The Comfort Crisis

Author: Michael Easter

Overarching Theme: Embracing Discomfort for a Happier, Healthier Life


Brief Summary:

In “The Comfort Crisis,” author Michael Easter explores the idea that our modern, comfy lifestyles might be doing us more harm than good. He takes us on a series of wild adventures, like hunting in Alaska and icy swims in Iceland, to show that facing challenges and pushing our limits can make us healthier and happier. By mixing science, interviews, and personal stories, Easter reveals that stepping outside our comfort zones can improve our mental and physical well-being. One of the key concepts in the book is Misogi, a practice of pushing oneself through extreme challenges to achieve personal growth and self-discovery.


Important Take-Aways:

The necessity of discomfort: Our ancestors faced challenges that helped shape their resilience and well-being. In our modern world, we’re missing out on these natural stressors, leading to increased anxiety, depression, and chronic diseases.

Embracing discomfort can improve well-being: Engaging in challenging experiences, such as practicing Misogi, can help us build resilience, enhance our mental and physical health, and increase our sense of fulfillment and happiness.

Nature as a source of healing: Spending time in nature can reduce stress, increase creativity, and improve immune function. Reconnecting with nature can help us regain some of the lost connection to our ancestral roots.

Interesting Tidbits:

Brown fat activation: Cold exposure can activate brown adipose tissue (brown fat), which has been linked to improved metabolism, increased calorie burning, and better insulin sensitivity. Unlike white fat, brown fat generates heat and burns calories to keep the body warm, making cold exposure a potential tool for weight management.

Autophagy benefits: Intermittent fasting (or occasional 48-72hr fast) can induce a process called autophagy, where the body breaks down and recycles damaged cells and cellular components. This process has been associated with numerous health benefits, including reduced inflammation, improved cognitive function, and increased longevity.

Nature’s impact on creativity: Research has shown that spending time in nature can boost creativity and problem-solving skills by up to 50%. This phenomenon is attributed to the restorative effects of nature on our cognitive abilities and the reduction of mental fatigue.

Exposure to natural light: Regular exposure to natural light, especially in the morning, can help regulate our circadian rhythms, which in turn influence sleep quality, mood, and overall well-being. Many people in modern societies spend the majority of their day indoors, missing out on the essential benefits of sunlight.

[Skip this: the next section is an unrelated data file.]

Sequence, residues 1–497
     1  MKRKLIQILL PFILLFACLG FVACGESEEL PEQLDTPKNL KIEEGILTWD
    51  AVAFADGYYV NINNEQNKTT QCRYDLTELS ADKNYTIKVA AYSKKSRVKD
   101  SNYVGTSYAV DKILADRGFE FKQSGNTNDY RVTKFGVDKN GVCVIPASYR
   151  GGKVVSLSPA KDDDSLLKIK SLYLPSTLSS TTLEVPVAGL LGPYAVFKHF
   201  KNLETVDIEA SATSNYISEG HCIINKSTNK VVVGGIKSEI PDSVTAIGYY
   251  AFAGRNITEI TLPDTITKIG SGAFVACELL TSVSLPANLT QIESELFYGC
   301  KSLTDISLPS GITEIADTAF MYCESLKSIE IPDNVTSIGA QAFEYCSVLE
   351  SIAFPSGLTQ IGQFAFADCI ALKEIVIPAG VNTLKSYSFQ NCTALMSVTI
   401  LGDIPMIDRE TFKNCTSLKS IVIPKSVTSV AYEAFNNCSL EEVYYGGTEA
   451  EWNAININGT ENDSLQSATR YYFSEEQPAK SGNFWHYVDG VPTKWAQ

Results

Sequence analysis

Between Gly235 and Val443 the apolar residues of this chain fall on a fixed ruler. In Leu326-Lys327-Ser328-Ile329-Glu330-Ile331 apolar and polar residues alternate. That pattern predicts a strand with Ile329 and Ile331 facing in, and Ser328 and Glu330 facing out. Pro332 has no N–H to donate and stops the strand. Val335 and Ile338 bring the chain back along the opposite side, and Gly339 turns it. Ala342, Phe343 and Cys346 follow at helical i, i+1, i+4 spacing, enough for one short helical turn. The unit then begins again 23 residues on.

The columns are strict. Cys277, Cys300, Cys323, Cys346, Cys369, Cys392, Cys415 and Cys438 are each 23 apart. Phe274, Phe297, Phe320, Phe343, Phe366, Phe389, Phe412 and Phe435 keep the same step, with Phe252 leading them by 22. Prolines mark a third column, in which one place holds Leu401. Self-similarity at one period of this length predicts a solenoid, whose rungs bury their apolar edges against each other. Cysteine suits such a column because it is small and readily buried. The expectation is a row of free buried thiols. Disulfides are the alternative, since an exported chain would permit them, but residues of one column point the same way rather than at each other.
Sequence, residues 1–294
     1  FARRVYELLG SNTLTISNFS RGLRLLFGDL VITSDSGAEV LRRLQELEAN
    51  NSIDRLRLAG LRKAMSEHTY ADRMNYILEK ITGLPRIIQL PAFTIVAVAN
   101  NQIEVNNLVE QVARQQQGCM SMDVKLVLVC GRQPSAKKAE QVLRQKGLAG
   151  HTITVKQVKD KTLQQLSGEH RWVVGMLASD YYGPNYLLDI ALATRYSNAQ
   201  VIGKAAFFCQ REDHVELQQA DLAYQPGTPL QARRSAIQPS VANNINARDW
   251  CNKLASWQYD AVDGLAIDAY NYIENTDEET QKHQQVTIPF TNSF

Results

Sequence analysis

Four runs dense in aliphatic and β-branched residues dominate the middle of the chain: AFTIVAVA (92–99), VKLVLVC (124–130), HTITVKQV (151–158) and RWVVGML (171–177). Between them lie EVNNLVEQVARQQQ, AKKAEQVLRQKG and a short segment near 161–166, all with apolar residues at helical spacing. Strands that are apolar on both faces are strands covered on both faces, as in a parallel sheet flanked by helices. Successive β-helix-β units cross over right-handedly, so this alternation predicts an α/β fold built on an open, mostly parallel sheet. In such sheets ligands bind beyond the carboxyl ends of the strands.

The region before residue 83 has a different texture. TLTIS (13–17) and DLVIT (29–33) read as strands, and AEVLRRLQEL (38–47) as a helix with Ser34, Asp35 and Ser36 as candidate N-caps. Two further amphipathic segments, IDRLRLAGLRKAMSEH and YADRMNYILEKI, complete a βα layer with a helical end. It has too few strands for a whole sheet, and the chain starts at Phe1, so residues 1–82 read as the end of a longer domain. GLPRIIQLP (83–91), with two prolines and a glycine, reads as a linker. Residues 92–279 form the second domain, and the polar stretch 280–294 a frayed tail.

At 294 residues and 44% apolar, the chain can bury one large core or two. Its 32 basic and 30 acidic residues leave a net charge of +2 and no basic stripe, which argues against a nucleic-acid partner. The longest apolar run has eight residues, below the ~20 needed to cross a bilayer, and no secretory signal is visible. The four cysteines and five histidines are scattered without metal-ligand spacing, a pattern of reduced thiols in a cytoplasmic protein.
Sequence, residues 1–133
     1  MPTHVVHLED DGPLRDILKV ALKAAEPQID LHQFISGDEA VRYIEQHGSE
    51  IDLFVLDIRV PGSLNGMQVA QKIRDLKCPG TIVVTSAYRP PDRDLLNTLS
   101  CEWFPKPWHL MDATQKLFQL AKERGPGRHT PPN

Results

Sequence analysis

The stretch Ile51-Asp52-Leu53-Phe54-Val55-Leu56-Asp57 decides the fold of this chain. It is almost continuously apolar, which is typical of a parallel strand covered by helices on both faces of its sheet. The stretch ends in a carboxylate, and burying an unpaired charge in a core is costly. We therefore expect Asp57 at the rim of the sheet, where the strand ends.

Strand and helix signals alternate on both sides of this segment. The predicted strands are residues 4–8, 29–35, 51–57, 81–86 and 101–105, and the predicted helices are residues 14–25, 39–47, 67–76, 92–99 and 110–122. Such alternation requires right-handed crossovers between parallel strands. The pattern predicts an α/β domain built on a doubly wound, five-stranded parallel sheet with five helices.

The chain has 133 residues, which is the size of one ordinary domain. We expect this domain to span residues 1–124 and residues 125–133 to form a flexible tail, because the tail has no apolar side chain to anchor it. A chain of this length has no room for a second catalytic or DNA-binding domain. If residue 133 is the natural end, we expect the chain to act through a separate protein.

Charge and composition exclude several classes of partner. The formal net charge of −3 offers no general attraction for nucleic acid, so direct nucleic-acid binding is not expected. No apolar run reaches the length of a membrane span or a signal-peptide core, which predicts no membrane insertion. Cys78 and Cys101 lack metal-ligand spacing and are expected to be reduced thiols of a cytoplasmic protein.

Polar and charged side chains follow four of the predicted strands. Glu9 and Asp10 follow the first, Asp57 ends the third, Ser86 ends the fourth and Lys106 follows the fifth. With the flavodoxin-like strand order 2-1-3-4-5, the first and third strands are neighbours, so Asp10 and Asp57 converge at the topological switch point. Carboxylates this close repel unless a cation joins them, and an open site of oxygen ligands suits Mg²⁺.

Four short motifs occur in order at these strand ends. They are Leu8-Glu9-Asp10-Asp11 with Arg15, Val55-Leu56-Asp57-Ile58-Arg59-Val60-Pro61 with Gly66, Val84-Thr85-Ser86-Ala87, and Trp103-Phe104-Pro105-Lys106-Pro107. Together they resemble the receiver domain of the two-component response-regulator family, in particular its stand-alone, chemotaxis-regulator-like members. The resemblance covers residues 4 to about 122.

Actionable Steps:


  • Get moving: Incorporate regular physical activity, like brisk walking, running, or strength training, into your daily routine to promote physical and mental health.


  • Practice intermittent fasting (or occasional extended fast): Try skipping meals occasionally, such as following the 16:8 intermittent fasting method, to help your body become more resilient and adaptive while providing health benefits.


  • Embrace cold exposure: Start with short, manageable cold exposures, like cold showers or ice baths, to improve circulation, boost mood, and increase resilience. Gradually increase the duration as your body adapts.


  • Spend time in nature: Make an effort to connect with nature regularly through activities like hiking, camping, or taking a walk in the park to reduce stress, improve mental health, and gain perspective.


  • Challenge yourself mentally: Engage in activities that push your mental boundaries, such as learning a new skill, taking on a challenging project, or engaging in mindfulness meditation. These practices can help build mental resilience and foster personal growth. Additionally, consider incorporating Misogi into your life to push your limits and achieve self-discovery.


A few of my favorite quotes from the book related to stepping outside our comfort zones:

“Comfort is the enemy of growth. When we constantly seek comfort, we miss out on the benefits of hardship and the opportunity to develop our resilience, character, and capabilities.”

“The more comfortable we get, the more we suffer. Our brains are wired to seek comfort, but when we indulge in it too much, we rob ourselves of the chance to build the mental and physical resilience we need to navigate the challenges of life.”

“We’ve engineered our lives to be as comfortable as possible, but in doing so, we’ve inadvertently made ourselves weaker and more vulnerable to stress, anxiety, and disease.”

“Discomfort is a signal that we’re pushing our boundaries, and that’s where growth and learning happen. When we avoid discomfort, we stagnate.”


In conclusion, “The Comfort Crisis” offers valuable insights into the importance of embracing discomfort and challenging ourselves to improve our overall well-being. By incorporating physical activity, intermittent fasting, cold exposure, nature connection, mental challenges, and the practice of Misogi into our daily lives, we can reap the benefits of a happier, healthier, and more resilient existence.